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working principle of magnetic separator in coal handling plant

magnetic separator - magnetic equipment

magnetic separator - magnetic equipment

Standard intensity Wet magnetic drum separator is widely used in coal mine processing. With the development and expansion of heavy media processing technique, drum separator for heavy media processing is widely used in coal-washing plant. The structure of coal mine used drum separator has never had big change, while with the application of new magnetic material, magnet developed from simplex ferrite, mixed magnet to rare earth super strength magnet. Magnetic intensity was raised greatly, improving the recovery percent and lowering media consuming effectively.

The materials are uniformly fed to the belt. When materials go through the permanent magnetic drum, the non-magnetic and low-magnetic particles will leave the belt surface because of the centrifugal force and gravitation. Meanwhile, strong-magnetic particles are absorbed to the belt by magnetic force and then fall into the magnetic trough when the belt leaving the magnetic pulley.

Types Specification of Pullyer Rotation Speed Magnetic Intensity Handling Capacity Motor Power Volume Weight Diameter(mm) Length(mm) mrp (mt) t/h m kw mm kg HMDS918 36(914) 72(1829) 14 180/300 25 165 4 3029*1635*1833 2300 HMDS921 36(914) 84(2134) 14 30 190 4 3334*1635*1833 2550 HMDS924 36(914) 96(2438) 14 35 220 4 3639*1635*1833 2740 HMDS927 48(1219) 117(2971) 14 45 195 5.5 4218*1635*1833 3060 HMDS1218 48(1219) 72(1829) 12 45 195 5.5 3029*2180*2444 2800 HMDS1221 48(1219) 84*2134 12 55 230 5.5 3334*2180*2444 3060 HMDS1224 48(1219) 96(2438) 12 65 260 5.5 3639*2180*2444 3300 HMDS1227 48(1219) 108(2743) 12 70 295 7.5 3992*2180*2444 3680 HMDS1230 48(1219) 117(2972) 12 330 330 7.5 4218*2180*2444 3900

magnetic separator - an overview | sciencedirect topics

magnetic separator - an overview | sciencedirect topics

As magnetic separators progress toward larger capacity, higher efficiency, and lower operating costs, some subeconomic iron ores have been utilized in recent years. For example, magnetite iron ore containing only about 4% Fe (beach sands or ancient beach sands) to 15% Fe (iron ore formations) and oxidized iron ore of only about 10% Fe (previously mine waste) to 20% Fe (oxidized iron ore formations) are reported to be utilized. They are first crushed and the coarse particles pretreated using roll magnetic separators. The magnetic product of roll magnetic separators may reach 2540% Fe and then is fed to mineral processing plants.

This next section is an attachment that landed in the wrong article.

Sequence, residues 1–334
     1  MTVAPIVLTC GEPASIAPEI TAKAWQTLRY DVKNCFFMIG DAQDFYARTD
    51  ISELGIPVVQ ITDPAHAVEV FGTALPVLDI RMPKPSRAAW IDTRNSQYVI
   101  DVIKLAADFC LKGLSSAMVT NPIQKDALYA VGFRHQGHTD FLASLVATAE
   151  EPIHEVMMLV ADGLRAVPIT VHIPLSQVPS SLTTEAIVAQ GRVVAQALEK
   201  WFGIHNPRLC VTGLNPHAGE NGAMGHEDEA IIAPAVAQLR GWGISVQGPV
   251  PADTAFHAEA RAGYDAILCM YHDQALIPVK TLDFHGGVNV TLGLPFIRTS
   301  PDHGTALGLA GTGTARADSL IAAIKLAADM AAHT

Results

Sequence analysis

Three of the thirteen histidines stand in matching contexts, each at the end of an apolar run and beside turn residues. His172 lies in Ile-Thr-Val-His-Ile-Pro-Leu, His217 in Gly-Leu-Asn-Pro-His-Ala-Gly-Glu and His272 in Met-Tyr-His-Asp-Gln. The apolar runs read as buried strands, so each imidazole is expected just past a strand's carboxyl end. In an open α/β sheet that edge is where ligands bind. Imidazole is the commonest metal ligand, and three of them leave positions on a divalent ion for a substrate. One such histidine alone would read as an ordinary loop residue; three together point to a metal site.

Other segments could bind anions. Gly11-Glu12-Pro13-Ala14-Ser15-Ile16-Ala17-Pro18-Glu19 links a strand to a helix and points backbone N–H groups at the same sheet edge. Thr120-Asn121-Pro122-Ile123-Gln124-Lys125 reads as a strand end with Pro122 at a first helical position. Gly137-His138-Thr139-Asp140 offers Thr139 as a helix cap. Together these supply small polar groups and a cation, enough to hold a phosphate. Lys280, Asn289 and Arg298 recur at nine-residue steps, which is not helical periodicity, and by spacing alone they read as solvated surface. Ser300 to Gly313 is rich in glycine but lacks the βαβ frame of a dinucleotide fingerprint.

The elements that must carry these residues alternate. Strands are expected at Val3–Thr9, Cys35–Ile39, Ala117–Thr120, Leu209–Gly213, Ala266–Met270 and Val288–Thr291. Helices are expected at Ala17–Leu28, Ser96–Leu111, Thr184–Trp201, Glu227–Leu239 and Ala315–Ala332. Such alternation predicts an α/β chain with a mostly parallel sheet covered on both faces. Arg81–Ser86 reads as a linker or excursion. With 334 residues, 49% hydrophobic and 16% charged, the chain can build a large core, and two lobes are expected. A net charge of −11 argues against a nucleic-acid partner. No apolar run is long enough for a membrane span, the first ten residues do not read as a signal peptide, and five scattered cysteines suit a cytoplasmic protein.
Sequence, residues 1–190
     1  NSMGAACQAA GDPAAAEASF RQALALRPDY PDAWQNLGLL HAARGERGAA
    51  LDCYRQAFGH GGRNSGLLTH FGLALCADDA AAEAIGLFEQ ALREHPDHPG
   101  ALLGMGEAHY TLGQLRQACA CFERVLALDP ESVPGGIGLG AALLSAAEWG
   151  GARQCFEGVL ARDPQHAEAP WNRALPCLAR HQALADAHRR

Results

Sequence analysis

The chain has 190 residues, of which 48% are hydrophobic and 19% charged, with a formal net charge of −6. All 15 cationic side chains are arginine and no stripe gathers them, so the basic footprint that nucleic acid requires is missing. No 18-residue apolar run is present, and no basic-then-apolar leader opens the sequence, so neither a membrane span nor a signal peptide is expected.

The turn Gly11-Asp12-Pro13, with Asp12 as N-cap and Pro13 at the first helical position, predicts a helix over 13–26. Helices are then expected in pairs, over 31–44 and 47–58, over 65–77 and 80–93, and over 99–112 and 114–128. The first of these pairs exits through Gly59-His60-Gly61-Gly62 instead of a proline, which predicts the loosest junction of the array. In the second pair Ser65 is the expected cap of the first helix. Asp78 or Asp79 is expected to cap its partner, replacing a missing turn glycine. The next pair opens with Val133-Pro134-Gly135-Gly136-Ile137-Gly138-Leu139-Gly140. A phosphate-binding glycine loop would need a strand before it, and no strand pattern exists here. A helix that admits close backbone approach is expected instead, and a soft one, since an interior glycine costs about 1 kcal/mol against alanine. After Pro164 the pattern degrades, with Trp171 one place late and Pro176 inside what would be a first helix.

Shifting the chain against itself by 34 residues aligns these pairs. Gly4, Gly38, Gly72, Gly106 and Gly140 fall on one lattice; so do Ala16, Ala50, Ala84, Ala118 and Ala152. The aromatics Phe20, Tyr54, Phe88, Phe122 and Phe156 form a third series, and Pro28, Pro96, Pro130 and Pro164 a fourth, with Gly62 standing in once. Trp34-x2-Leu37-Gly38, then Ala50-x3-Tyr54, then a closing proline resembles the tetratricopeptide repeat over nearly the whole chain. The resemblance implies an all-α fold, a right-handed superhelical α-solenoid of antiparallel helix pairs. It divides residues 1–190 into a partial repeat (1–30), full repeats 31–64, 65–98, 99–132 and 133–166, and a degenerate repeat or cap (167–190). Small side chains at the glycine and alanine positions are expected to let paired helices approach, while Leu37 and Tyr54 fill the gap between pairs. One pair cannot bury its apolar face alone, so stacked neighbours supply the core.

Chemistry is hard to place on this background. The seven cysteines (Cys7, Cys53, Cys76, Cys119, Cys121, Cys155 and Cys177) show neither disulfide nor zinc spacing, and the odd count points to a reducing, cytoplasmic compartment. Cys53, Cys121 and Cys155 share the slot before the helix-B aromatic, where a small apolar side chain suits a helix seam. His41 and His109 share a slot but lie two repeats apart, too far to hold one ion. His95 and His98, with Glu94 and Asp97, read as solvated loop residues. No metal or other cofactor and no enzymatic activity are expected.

As shown in Figure5, slurry is fed from the top of an inclined screen in a low-intensity magnetic field, with the mesh size of screen sufficiently larger than those of particles in slurry. As the slurry flows down the above surface of screen, magnetic particles agglomerate with the size of agglomerations increasingly growing and roll down as magnetic concentrate at the lower end of screen. The less- or nonmagnetic particles pass through the screen as tailings. Figure5 shows the operation of screen magnetic separators for cleaning of magnetite.

Commercial magnetic separators are continuous-process machines, and separation is carried out on a moving stream of particles passing into and through the magnetic field. Close control of the speed of passage of the particles through the field is essential, which typically rules out free fall as a means of feeding. Belts or drums are very often used to transport the feed through the field.

As discussed in Section 13.4.1, flocculation of magnetic particles is a concern in magnetic separators, especially with dry separators processing fine material. If the ore can be fed through the field in a monolayer, this effect is much less serious, but, of course, the capacity of the machine is drastically reduced. Flocculation is often minimized by passing the material through consecutive magnetic fields, which are usually arranged with successive reversals of the polarity. This causes the particles to turn through 180, each reversal tending to free the entrained gangue particles. The main disadvantage of this method is that flux tends to leak from pole to pole, reducing the effective field intensity.

Provision for collection of the magnetic and nonmagnetic fractions must be incorporated into the design of the separator. Rather than allow the magnetics to contact the pole-pieces, which then requires their detachment, most separators are designed so that the magnetics are attracted to the pole-pieces, but come into contact with some form of conveying device, which carries them out of the influence of the field, into a bin or a belt. Nonmagnetic disposal presents no problems; free fall from a conveyor into a bin is often used. Middlings are readily produced by using a more intense field after the removal of the highly magnetic fraction.

Conventional magnetic separators are largely confined to the separation or filtration of relatively large particles of strongly magnetic materials. They employ a single surface for separation or collection of magnetic particles. A variety of transport mechanisms are employed to carry the feed past the magnet and separate the magnetic products. The active separation volume for each of these separators is approximately the product of the area of the magnetised surface and the extent of the magnetic field. In order for the separators to have practical throughputs, the magnetic field must extend several centimetres. Such an extent implies a relatively low magnetic field gradient and weak magnetic forces.